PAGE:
"China is interested in Turkey's major infrastructure projects. We may also cooperate on energy projects besides nuclear," the president said.

Erdoğan also said he invited Xi to Turkey.


The trade volume between Turkey-Russia was around $22 billion last year, Erdoğan said, adding that negotiations on trading in local currencies and possible tourism projects were continuing, while cooperation on investments, nuclear energy, tourism and the and the Turkish Stream Natural Gas Pipeline Project (TurkStream) was continuing full speed ahead.

The building of the Akkuyu Nuclear Power Plant is ahead of schedule, while the number of Russian tourists coming to Turkey this year will reach 6 million, the president said. The number of tourists coming from other BRICS members China and India will hit a record this year, he maintained.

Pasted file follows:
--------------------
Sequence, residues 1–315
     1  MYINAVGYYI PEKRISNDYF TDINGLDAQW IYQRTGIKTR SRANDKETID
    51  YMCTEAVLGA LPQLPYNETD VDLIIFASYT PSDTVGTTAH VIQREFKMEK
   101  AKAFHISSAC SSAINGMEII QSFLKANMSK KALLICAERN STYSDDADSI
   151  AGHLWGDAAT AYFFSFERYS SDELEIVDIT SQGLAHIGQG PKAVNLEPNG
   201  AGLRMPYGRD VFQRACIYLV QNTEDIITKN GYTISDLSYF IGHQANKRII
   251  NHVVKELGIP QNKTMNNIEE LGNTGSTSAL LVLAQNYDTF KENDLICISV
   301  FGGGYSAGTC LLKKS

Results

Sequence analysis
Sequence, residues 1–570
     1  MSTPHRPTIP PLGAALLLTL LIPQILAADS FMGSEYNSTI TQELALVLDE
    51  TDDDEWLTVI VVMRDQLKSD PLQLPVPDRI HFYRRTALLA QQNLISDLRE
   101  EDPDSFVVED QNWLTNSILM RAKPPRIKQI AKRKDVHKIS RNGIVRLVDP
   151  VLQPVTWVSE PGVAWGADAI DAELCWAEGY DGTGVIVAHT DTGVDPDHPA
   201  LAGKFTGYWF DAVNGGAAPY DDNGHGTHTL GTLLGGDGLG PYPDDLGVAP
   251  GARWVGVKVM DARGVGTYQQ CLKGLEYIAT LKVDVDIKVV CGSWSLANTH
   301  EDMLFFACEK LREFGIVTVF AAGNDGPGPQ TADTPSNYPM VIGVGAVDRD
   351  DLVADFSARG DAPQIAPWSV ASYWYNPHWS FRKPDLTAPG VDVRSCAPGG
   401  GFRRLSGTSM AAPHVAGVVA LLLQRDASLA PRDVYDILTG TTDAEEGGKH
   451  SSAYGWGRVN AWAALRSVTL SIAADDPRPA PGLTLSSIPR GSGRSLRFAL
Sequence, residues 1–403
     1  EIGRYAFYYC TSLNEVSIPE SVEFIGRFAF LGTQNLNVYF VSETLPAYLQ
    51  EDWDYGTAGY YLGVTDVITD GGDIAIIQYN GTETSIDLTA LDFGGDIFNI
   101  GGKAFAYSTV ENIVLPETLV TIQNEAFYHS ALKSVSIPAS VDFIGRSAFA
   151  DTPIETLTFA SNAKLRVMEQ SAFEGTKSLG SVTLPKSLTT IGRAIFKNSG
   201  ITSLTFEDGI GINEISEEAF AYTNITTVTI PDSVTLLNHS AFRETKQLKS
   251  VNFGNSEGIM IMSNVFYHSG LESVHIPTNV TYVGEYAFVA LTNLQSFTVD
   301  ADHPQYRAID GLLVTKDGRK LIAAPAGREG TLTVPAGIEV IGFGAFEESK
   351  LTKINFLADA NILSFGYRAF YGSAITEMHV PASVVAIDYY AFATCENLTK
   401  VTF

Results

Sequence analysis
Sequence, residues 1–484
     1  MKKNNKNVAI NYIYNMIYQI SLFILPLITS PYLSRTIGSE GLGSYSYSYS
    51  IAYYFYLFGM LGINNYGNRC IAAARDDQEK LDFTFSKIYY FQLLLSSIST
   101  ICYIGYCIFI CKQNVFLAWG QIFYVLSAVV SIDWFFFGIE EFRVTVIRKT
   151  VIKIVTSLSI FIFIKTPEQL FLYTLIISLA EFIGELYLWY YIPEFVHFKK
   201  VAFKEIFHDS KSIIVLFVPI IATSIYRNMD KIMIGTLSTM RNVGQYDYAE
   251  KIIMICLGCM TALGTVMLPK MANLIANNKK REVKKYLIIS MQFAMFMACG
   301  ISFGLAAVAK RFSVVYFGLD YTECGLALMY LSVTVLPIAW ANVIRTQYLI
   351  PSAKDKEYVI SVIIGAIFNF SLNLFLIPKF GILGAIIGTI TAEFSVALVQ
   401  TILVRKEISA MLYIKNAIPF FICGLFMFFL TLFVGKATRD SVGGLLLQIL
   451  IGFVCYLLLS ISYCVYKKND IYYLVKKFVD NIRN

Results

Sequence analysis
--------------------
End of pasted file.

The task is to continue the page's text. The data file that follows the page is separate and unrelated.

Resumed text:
"I encourage Turkish citizens to visit these countries as well. Such interactions cannot be one-way. We also need to learn about the countries of those coming to us," he added.


During the meeting he held on the sidelines of the BRICS summit with the president of South Africa, Cyril Ramaphosa reacted positively to the issue of trading in local currencies.

He also held a meeting with Senegalese President Macky Sall.

"With Senegal, as one of our main partners in Africa, we maintain very strong ties on commercial, infrastructure, energy, military cooperation and tourism matters," President Erdoğan stated.

He also noted that Senegal had stood by Turkey in its fight against the Gülenist Terror Group (FETÖ). Erdoğan said the threat posed by FETÖ was one of the main issues he discussed with the leaders of African countries, where the terrorist group continues to be very active.